Overhaul of Nebraska Juvenile Justice System Takes First Step Forward

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Photo courtesy of Nebraska State Government

Last week, The Lincoln Journal Star reported that state senators in Nebraska gave unanimous approval to Legislative Bill 464 (LB 464), with the proposed legislation passing through the state’s single-house system with a 39-0 vote.

If the bill becomes law, it would require that all criminal charges pressed against individuals ages 18 and younger in the state would have to be filed in a juvenile court.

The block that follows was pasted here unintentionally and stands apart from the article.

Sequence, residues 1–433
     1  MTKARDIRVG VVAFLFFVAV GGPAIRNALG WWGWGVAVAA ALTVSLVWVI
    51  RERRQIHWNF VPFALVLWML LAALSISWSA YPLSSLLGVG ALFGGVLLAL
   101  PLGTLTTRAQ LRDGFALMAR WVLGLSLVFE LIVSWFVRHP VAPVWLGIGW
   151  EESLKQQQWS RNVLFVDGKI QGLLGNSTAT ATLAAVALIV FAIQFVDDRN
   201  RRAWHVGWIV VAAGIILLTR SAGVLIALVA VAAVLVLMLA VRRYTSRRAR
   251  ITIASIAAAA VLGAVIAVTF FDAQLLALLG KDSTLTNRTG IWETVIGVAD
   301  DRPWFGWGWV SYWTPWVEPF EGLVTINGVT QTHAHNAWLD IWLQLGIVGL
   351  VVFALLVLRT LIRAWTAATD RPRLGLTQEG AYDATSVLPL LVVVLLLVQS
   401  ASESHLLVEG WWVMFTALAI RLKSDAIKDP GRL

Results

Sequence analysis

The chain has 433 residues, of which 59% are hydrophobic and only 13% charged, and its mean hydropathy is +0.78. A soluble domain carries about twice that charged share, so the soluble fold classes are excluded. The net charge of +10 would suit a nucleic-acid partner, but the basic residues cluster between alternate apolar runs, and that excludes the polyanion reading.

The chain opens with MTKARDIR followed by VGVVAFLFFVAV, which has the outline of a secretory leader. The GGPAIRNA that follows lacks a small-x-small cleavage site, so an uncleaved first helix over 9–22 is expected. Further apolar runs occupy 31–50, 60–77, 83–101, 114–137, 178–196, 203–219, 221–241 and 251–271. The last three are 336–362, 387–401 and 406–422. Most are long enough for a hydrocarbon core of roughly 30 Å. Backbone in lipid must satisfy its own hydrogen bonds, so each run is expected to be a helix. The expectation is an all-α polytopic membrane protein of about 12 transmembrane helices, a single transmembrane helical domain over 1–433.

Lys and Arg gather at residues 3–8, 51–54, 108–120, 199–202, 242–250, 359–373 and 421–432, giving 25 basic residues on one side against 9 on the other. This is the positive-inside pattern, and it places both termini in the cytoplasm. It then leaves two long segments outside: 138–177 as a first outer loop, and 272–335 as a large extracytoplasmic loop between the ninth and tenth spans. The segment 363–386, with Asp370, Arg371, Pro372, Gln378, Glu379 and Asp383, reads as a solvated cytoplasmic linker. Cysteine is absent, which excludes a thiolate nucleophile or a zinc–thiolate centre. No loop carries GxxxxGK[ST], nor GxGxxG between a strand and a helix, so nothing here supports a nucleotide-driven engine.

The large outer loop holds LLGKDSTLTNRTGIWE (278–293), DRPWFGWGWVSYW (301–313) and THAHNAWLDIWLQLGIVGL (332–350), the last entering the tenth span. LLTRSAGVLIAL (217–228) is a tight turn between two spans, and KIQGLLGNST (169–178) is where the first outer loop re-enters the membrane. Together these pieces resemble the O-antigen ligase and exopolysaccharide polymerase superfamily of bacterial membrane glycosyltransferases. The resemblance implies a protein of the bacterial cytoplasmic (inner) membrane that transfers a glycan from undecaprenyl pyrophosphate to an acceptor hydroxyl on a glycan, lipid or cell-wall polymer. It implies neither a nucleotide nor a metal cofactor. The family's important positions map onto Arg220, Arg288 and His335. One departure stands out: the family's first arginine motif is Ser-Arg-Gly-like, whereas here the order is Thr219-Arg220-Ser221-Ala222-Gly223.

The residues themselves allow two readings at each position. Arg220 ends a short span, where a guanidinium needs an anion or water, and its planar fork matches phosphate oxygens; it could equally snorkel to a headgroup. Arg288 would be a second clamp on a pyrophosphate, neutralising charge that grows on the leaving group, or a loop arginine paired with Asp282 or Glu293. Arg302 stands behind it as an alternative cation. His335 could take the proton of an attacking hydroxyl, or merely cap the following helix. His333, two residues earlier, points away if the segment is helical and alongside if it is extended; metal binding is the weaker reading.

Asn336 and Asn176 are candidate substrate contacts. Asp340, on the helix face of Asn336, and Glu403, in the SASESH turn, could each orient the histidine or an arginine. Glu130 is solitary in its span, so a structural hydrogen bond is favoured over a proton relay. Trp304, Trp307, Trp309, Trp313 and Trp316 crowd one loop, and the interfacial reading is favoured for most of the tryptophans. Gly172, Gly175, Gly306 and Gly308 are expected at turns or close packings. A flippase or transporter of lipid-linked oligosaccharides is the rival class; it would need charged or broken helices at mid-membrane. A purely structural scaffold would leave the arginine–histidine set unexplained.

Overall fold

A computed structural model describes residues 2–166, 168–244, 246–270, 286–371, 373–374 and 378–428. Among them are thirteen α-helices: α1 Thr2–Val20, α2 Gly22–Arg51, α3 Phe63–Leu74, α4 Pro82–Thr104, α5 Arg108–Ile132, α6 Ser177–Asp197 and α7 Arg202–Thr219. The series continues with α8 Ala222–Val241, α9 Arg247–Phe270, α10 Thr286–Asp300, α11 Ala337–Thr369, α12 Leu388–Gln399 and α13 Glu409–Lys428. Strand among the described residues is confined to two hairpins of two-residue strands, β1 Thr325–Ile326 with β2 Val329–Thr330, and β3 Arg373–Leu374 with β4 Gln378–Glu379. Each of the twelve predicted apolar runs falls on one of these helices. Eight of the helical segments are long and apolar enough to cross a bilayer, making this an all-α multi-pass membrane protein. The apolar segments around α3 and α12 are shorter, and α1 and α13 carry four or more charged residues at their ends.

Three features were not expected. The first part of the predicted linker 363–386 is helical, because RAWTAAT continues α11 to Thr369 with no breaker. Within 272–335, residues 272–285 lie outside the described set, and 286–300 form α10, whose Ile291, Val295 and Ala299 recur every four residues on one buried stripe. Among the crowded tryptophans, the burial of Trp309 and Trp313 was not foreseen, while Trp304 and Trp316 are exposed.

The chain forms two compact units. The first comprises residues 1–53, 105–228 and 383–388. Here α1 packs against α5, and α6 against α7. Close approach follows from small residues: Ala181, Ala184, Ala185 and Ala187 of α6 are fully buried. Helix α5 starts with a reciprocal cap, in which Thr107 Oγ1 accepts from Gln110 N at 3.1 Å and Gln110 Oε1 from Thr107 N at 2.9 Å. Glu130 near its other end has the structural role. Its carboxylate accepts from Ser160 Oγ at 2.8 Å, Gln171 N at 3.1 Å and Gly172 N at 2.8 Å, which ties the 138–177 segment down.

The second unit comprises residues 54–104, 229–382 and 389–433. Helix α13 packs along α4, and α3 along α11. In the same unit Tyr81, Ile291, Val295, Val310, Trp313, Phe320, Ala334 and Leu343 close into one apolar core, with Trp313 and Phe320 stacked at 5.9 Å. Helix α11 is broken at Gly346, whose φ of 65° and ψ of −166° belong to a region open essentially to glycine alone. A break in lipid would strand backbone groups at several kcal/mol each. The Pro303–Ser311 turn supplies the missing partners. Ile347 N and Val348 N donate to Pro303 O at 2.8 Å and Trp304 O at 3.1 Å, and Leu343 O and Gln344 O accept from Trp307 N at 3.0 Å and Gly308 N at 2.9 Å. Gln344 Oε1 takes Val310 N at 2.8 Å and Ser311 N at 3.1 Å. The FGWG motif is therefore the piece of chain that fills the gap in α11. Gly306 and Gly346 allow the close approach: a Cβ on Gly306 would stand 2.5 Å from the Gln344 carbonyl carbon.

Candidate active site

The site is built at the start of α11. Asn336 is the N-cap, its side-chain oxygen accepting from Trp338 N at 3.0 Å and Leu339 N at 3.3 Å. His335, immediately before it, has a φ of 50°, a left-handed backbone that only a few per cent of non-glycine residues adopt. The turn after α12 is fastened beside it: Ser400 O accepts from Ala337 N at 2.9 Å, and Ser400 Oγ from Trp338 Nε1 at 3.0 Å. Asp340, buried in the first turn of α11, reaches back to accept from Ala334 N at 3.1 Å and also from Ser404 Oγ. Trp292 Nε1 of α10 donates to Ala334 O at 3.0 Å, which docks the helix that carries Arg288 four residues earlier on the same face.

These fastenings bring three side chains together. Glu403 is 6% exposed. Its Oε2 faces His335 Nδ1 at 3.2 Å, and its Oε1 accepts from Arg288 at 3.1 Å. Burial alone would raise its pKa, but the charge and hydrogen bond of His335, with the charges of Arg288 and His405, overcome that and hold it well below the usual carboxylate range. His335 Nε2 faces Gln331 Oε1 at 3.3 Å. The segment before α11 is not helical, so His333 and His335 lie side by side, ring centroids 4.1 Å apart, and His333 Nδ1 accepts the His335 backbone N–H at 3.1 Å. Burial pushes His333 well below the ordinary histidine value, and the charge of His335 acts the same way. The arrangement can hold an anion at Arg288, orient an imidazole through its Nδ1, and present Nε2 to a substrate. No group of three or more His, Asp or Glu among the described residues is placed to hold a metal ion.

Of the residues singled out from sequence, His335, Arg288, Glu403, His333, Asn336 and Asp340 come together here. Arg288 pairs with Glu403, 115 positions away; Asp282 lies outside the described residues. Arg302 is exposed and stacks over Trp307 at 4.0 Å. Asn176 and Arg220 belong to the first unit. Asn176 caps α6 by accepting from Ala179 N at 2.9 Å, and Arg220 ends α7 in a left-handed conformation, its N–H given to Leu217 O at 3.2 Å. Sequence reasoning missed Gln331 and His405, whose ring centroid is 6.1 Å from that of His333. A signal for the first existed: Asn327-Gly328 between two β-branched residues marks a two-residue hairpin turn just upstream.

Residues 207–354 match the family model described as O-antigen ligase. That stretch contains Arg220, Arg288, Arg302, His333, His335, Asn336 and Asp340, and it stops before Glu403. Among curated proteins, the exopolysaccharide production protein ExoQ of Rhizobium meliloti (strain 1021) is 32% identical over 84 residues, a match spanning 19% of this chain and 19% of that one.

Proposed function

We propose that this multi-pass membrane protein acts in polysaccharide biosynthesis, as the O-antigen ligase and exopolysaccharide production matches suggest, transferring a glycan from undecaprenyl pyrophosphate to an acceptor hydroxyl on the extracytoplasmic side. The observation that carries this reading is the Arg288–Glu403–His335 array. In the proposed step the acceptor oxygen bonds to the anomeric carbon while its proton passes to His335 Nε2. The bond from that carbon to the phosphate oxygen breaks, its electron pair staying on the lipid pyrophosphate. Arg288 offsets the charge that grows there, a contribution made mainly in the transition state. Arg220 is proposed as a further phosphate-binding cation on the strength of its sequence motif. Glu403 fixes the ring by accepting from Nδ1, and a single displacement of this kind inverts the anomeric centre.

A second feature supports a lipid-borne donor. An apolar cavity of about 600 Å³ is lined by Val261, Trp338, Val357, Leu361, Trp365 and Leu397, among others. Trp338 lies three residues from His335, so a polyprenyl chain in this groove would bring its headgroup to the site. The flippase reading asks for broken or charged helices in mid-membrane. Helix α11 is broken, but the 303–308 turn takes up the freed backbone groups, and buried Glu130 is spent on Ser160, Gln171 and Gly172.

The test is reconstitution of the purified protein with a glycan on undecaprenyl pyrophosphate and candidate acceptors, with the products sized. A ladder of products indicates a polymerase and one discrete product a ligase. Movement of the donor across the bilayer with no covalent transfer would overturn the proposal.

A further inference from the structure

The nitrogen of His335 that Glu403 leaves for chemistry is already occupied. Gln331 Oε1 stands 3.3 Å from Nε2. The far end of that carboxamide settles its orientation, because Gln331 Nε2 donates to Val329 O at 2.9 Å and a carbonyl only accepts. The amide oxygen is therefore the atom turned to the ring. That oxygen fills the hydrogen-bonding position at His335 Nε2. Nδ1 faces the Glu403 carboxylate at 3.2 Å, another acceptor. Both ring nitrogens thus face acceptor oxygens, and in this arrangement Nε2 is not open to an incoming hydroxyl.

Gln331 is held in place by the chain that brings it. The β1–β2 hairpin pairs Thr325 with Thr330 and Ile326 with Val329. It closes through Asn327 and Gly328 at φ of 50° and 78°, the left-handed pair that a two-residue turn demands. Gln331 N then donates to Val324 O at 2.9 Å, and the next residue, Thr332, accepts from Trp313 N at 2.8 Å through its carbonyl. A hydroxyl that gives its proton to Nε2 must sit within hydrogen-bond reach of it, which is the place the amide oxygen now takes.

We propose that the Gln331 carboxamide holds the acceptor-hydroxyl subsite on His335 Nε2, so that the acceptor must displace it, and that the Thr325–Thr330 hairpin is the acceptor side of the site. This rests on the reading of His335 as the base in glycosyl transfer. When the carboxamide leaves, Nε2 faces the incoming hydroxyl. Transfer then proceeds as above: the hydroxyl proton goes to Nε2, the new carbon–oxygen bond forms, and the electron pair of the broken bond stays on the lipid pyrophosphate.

Currently, Nebraska allows juvenile cases to be filed in adult courts before being filed in juvenile courts. With prosecutors having vast authority to decide whether or not a juvenile is charged in an adult or juvenile courtroom, nearly half of the juvenile cases in Nebraska are prosecuted in an adult court.

Under LB 464, cases may still be transferred to an adult court, however, pending both a motion by a prosecutor and a previous hearing in a juvenile court.

State Sen. Brad Ashford (I-Omaha) said the bill represents “an incredibly important part” of a juvenile justice reform package being sent through the state’s Judiciary Committee.

“The system is weighted toward the corrections model — a prosecutorial model — and not the treatment model,” he is quoted by the Journal Star. “It is not hard to understand why we incarcerate more juveniles than only three other states.”

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